Would I do it again? No, not a trip this long. A shorter one, say back to Hawaii? Maybe, although I don't know that Ron wants to subject me to this again (it's hard on me with the seasickness, although I've pretty much gotten over that now with the continued meds) and I'm not sure I want him to have to deal with this level of pressure again. The load is higher on him than on Sean and I, that's for sure. He's got to deal with all the mechanical problems, make the key decisions, etc. And he's got to carry the Captain's burden, namely if he screws up we are all going in the water, or worse.

We don't have the fuel to run the A/C. I know Jerome is running his 9KW all night to provide A/C, but he doesn't run it during the day. He's carrying an extra 500 gallons of fuel, and expects to arrive with about 700 left over. It is very humid, once you get to about 8N. We are running fans everywhere. Even so, we sweat a lot ;) The best is a cold shower, and Ron is now running the A/C for a couple of hours in the evening while we make water, run the dryer, etc. That cools the boat down enough we can get to sleep. The days are still pretty hot though ;)

From our perspective, a third person is absolutely critical to safety. We couldn't have done this without Sean. A fourth would be even better, but in our case it would need to be a couple, since we only have two staterooms.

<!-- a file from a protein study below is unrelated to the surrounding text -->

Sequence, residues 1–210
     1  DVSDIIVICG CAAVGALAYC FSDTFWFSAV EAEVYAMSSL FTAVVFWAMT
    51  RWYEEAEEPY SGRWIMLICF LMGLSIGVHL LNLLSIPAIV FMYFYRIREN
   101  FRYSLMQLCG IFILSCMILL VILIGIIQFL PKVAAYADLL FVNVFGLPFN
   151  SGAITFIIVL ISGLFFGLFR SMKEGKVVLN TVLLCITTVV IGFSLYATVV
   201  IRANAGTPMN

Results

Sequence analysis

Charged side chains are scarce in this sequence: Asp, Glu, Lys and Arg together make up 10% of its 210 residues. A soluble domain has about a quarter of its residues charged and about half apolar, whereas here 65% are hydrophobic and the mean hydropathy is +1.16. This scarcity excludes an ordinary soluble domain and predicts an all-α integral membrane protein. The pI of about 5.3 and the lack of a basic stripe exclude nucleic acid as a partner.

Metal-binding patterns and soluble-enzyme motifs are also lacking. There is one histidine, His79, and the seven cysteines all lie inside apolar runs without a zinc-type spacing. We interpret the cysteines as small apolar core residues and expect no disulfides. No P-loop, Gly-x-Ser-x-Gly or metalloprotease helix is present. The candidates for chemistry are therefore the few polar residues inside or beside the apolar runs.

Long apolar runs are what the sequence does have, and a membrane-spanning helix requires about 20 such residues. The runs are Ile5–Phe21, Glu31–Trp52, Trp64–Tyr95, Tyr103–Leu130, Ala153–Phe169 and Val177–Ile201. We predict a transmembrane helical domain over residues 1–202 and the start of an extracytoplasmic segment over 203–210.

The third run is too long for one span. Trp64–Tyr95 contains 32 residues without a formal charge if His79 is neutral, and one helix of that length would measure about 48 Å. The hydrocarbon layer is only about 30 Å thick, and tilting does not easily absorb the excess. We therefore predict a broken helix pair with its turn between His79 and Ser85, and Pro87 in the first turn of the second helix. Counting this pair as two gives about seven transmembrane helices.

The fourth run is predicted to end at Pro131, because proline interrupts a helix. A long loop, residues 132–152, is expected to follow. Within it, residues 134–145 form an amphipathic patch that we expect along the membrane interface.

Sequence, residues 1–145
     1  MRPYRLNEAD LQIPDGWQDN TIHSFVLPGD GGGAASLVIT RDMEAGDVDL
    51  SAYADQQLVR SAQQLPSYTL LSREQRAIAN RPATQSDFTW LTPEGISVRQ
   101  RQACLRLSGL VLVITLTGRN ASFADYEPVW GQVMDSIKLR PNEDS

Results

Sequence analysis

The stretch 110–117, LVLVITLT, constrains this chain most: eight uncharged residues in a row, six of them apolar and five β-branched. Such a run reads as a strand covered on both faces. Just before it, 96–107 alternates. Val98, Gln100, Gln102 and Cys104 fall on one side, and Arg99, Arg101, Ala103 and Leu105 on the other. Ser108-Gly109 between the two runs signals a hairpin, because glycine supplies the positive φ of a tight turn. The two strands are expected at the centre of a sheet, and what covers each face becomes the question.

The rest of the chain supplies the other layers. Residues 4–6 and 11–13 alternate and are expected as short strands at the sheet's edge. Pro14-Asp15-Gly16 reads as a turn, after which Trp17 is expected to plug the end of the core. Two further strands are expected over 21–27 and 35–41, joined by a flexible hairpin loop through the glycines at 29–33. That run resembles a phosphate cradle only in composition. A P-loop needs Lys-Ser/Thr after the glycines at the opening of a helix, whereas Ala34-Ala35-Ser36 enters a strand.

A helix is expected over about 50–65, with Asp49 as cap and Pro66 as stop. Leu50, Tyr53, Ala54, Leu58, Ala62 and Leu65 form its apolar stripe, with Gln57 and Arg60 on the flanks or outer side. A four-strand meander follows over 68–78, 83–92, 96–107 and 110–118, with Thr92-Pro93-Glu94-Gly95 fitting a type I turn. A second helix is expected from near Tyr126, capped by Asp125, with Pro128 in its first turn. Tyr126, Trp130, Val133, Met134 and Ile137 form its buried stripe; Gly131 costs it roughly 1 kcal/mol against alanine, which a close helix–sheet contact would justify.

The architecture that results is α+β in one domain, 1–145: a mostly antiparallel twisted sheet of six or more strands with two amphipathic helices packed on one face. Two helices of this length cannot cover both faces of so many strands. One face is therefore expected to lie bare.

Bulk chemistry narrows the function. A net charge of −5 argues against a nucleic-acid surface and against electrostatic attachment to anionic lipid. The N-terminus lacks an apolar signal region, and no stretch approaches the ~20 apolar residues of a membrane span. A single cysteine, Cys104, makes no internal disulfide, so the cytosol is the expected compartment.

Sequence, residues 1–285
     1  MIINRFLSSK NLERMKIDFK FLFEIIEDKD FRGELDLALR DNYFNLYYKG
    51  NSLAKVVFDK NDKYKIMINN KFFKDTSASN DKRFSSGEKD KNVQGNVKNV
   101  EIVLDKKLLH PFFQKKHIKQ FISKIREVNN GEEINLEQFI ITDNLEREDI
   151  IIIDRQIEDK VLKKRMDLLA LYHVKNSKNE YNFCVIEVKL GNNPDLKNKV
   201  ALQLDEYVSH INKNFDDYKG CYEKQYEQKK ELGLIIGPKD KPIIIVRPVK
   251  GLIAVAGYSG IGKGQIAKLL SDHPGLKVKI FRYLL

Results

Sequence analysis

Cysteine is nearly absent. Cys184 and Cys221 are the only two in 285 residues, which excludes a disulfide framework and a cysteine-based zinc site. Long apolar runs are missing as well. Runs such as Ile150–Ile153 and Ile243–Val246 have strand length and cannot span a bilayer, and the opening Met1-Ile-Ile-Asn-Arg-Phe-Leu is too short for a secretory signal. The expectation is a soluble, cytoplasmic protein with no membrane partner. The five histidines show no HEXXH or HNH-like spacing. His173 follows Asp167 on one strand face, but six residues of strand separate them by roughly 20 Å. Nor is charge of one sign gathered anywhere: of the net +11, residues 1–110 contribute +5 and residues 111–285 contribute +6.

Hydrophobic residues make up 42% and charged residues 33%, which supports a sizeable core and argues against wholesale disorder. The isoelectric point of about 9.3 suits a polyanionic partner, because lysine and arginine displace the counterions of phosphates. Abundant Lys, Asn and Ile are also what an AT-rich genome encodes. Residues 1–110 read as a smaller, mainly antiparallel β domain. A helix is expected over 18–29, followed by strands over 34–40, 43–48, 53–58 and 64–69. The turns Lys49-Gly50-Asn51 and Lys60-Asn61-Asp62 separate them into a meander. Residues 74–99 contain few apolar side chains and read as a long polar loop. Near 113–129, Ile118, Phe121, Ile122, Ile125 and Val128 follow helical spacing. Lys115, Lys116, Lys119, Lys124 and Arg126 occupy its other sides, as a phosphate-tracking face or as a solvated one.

The choice of third person is pretty important. Everyone we talked to about taking crew said compatibility first, everything else second. I think they were right, we got lucky with someone who was compatible, and competent. Also, Sean is used to the hierarchy of the firehouse and really understands the idea of team. In firefighting, the team, your job on the team and the chain of command are everything, as otherwise someone gets hurt.

He fit in really well. He's also a sweetheart, which makes it easier. In addition, we've all made allowances for each other along the way. In an environment where we are all tired, stressed, hot, etc., everyone has bad days and someone has to pick up the slack, we've done well with that. Sean's mechanical skills have come in very handy, he does an incredibly thorough engine room check and he's up for anything, equator swimming, kitchen cleaning, fishing, night watches, whatever ;)

We are screaming along in the dark at nearly 9 knots, got to love that following current. Sunday is looking like a real possibility for arrival. Daybreak should arrive then too, which will be nice.

Conditions Report to OMNI Bob, Day 15
At 21:00 UTC, DUET is at 2 25'S /133 30'W. Avg SOG over last 24 hours has been 7.9 kts, with COG 215M.

Wind is apparent 5 kts on bow. Seas are 2-3 on a long period.

Barom is 1007.8

We continue to expect landfall on Sunday 4/2

Duet Arrives Safely, email to friends and family, Day 17
Hello Everyone

We arrived in Nuku Hiva at around 10AM local time this morning, Sunday April 2. Our buddy boat, Daybreak, is just pulling in now. We have had a cold beer and are now having lunch. A celebratory dinner is scheduled on Daybreak this evening. It's hard to believe that we have actually arrived, but it looks like Jurassic Park out there, so this must be it ;) Truly, this is a beautiful anchorage, very lush, surrounded by high mountains and fascinating rock formations. We look forward to exploring it tomorrow, after we check in with the local authorities.

It's nice to be here. We appreciate everyone following along. We shall be cruising the southern Marquesas during the next two weeks, before Sean flies home.

We traveled 2,638 miles in 17 days, averaging 6.8 knots at 2.3NMPG. We burned about 1,200 gallons out of a total of 1,700 on board.

Best,

Ron, Nancy and Sean
Duet
Lying Nuku Hiva, Marquesas, French Polynesia